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Setting Up a Houseplant Pop-up Shop

David Williams
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After closing Williams Nursery (in Westfield, New Jersey) in 2022, I found myself missing certain aspects of retail. I’d cultivated a significant following among our indoor plant customers on Instagram, especially during the pandemic when I expanded our tropical plant department from $50,000 to $500,000 annually.

As a passionate plant geek, I focused on keeping our product mix trendy, often featuring a variety of rare and unusual plants. While I was contemplating life after the garden center, a store owner from my town had contacted me to see if I would be interested in doing a plant pop up in her store. I visited her store to check on the vibes. It was a home décor/lifestyle that was on trend and high end. I thought it would be a good fit.

Pictured: David Williams stands with a shipment of plants before the pop-up shop at a high-end home décor retailer in New Jersey.

The transition from managing a garden center to curating a pop-up event within another business’ space posed a unique set of challenges, from logistical constraints to the meticulous selection and presentation of the plant inventory. The absence of truck and staff necessitated a creative approach to the entire event.

Choose Suppliers Wisely

Central to the success of this pop-up shop was the collaboration with suppliers that I had while I ran my garden center—Foliera, based in Canada, and Emma’s Garden, located in New York. These partnerships were instrumental in overcoming logistical hurdles, and ensuring a diverse and appealing selection of plants.

Article ImageFoliera’s commitment to accommodating small-scale orders and their service of pre-pricing plants significantly streamlined the preparation process. In contrast, Emma’s Garden offered the invaluable opportunity to handpick unique and unusual plants, catering to the discerning tastes of our anticipated clientele. Both could deliver directly to the pop-up store location. I drove to Emma’s to hand select the unusual plants for the pop up.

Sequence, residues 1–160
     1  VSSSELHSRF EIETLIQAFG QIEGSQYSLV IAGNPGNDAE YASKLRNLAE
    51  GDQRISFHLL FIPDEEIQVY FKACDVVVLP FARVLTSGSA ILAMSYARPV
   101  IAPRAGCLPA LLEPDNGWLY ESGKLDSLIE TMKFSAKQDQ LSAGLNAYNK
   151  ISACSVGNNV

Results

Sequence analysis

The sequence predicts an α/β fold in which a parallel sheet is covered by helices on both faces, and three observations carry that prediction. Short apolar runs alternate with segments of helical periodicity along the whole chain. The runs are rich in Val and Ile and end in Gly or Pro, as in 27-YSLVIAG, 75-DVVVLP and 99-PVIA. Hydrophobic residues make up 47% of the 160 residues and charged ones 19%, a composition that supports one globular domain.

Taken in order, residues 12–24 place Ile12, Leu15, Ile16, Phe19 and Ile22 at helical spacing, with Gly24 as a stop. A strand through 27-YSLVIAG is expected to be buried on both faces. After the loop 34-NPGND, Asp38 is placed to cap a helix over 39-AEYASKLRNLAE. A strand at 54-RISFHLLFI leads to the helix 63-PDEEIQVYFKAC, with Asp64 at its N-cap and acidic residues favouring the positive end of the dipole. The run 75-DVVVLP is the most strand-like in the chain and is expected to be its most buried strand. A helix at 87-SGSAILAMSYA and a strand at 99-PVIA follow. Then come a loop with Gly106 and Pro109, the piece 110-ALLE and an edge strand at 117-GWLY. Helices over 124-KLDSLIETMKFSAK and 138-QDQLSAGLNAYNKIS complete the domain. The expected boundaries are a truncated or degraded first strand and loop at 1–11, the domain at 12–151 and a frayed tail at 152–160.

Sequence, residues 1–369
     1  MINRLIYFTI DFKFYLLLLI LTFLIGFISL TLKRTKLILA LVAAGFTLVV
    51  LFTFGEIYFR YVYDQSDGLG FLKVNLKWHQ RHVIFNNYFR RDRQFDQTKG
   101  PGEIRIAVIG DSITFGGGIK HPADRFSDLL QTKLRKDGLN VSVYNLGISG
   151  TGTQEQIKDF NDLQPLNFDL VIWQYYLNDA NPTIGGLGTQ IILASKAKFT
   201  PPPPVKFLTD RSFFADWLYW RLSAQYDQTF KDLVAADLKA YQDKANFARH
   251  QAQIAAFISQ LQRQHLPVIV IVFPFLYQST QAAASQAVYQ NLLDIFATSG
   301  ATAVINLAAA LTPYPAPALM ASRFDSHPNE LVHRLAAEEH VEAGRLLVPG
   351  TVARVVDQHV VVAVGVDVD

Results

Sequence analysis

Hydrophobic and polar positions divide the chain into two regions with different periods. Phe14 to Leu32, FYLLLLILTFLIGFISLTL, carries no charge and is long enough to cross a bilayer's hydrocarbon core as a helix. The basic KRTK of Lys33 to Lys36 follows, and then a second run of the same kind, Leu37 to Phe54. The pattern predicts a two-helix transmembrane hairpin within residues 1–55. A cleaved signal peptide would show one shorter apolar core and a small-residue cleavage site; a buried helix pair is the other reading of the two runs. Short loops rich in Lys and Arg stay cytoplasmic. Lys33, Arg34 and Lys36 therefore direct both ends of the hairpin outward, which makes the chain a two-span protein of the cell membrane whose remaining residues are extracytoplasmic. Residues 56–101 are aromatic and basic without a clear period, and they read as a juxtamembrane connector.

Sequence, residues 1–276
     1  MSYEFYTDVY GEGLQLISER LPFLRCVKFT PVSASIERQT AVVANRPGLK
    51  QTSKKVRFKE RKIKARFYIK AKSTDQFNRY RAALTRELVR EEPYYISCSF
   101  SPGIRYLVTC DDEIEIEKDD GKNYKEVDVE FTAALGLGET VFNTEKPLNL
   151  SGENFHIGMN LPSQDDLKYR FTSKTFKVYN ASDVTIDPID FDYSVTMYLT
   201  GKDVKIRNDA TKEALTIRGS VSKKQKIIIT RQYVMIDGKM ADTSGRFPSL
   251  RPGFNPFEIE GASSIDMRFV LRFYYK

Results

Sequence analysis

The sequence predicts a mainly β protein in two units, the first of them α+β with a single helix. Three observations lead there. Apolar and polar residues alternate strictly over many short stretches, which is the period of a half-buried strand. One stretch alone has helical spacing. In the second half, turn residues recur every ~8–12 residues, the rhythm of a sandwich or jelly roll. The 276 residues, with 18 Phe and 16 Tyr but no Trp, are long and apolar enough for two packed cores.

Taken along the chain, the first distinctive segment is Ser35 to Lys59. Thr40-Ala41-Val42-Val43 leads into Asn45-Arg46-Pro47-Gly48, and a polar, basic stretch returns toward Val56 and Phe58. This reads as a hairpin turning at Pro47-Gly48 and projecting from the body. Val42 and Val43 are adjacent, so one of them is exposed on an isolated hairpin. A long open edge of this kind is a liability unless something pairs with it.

My margin for the pop up was lower than typical garden center prices to incentivize purchases at the event. While aiming to sell out was ambitious, I anticipated about a 20% surplus, which I planned to donate to our local master gardener program, factoring this into the pricing. The event exceeded expectations, with less than 10% remaining unsold.

Pictured: The houseplants were sourced from two vendors—Foliera in Canada and Emma’s Gardens in New York.

A crucial strategy for the pop up involved employing ChatGPT to simplify managing plant information and pricing. By transforming supplier invoices into organized tables, I could swiftly produce labels and care sheets, detailing each plant’s name, light and water requirements, and a key fact. This process improved the customer experience by minimizing the manual labor typically required for such tasks. It helped, since I enlisted a few people to help with the event, but they didn’t have a lot of plant knowledge.

Bringing in the Business

I started promoting the pop up on my former business’ Instagram page months in advance. The excitement was evident from the start, with the first post garnering 544 likes and 55 shares. At the time of closing, my business had nearly 8,000 followers. The host store was also posting to her followers.